Take time to stop and smell the deer prints
Every Saturday and Sunday morning, my dog, Bella, wakes me up about seven in the morning. I hear her stretch, sigh, and then her cold wet nose nudges my hand and if I don’t pet her, then she hops up on the bed and nudges the cover off me until I get up.
It is pretty adorable if you ask me.
I get about five minutes to get up and dressed before she wants to head outside to explore the great outdoors. It does not matter if it is raining, snowing or a beautiful morning, Bella is always game to explore her surroundings. Our morning jaunts have taught me a lot about taking a moment to enjoy my surroundings and pause amidst the chaos that has been 2020.
Now that crops have been harvested, Bella and I have begun walking the fields at the farm in the morning. To me, it is always stunning how soft the land in fields look, but how strong it actually is when my boots and her paws trek across the rows. I am always fascinated by the number of tracks you can find in a field.
On our explorations, we often see deer prints, rabbit droppings, half-chewed acorns from squirrels and more recently, coyote tracks. Bella, of course, sniffs each track diligently, committing to memory the smell of each so she can track it at a later date or follow it down the row.
These moments of stop, sniff, identify and then move on have taught me a bit about how I need to approach the chaos of this year. I need to take a page from Bella’s book. If the smell or track follows straight down the row, then I need to follow it and move in a forward direction. However, if the track or smell takes me too far from the objective, I need to let it go and hope that maybe it circles back around later.
This advice might be crucial for maintaining my sanity teaching during COVID-19.
Another thing these walks have taught me is that nothing stays the same; even the fields change throughout the years.
One major change that has happened this year is that we actually added a real waterway through our big field. Since our farm is only about a mile from Mosquito Lake, water has always been an issue. All the water from state Route 11 runs across our neighbor’s field, picking up speed and debris, and crossing our field. This has made us lose some quality topsoil and created an issue that could not continue.
So this year, we created a waterway through our field to help slow the runoff and save our topsoil. This waterway was created with help from Ohio Farm Bureau and the Trumbull County Extension office.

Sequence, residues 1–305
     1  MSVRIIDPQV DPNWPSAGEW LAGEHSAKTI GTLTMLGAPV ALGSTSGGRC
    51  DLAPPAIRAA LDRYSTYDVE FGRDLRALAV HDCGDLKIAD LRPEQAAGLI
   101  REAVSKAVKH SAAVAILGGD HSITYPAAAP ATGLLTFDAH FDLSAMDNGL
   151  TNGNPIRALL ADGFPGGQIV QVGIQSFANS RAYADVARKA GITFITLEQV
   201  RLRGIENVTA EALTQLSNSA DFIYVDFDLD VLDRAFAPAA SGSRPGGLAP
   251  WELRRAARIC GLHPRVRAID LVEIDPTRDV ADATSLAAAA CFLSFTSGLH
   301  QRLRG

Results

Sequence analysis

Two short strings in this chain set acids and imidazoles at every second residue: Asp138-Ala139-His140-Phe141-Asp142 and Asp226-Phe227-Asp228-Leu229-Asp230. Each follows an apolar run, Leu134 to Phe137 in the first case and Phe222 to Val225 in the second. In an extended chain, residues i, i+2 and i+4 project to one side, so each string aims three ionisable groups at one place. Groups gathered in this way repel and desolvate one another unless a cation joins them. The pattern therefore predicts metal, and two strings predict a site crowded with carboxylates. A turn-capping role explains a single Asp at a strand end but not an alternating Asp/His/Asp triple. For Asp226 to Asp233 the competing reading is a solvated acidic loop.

During our morning walks, it has been amazing to see this new waterway take shape. What started as a deep but craggy creek that ran in a haphazard fashion through a major field has now been turned into a smooth, wide but shallow, grass field that will safely channel water and catch topsoil. However, never in all my days did I ever think that we would willingly turn a stretch of farmable land to grass. Yet, I am excited to see how this saves our precious soil and helps to prevent erosion.
These morning walks have been the calm in the storm, a moment to reflect and pause in a year that has been anything but normal. Walking in the field, enjoying an early sunrise or dodging raindrops have given me a chance to evaluate what is important and what I should let go of. It has also taught me that while things may seem permanent or that there might not be an easy way out immediately, change is inevitable.
Even the land surrounding us changes with the seasons, the years, the decades, and the millennium and when you’re looking for experts in land, look to the Ohio Farm Bureau and its vast network of resources.
Yet, the land is not the only area of expertise for Farm Bureau. Mental health, food safety, immigration, politics, scholarships and a whole range of other topics fall under the purview of Farm Bureau, and during these tough times, I encourage you to reach out and find resources that support you and your goals.
From finding mental health resources for someone who might be struggling to learning more about where your food comes from, I encourage you to take some of your time to explore the Farm Bureau website. You might find that Farm Bureau is more than just farming and that a walk in the outdoors could give you a better perspective about the world around you.
Clemson is a member of the Trumbull County Farm Bureau and completed her doctorate at the Pennsylvania State University. She and her family farm in Mecca.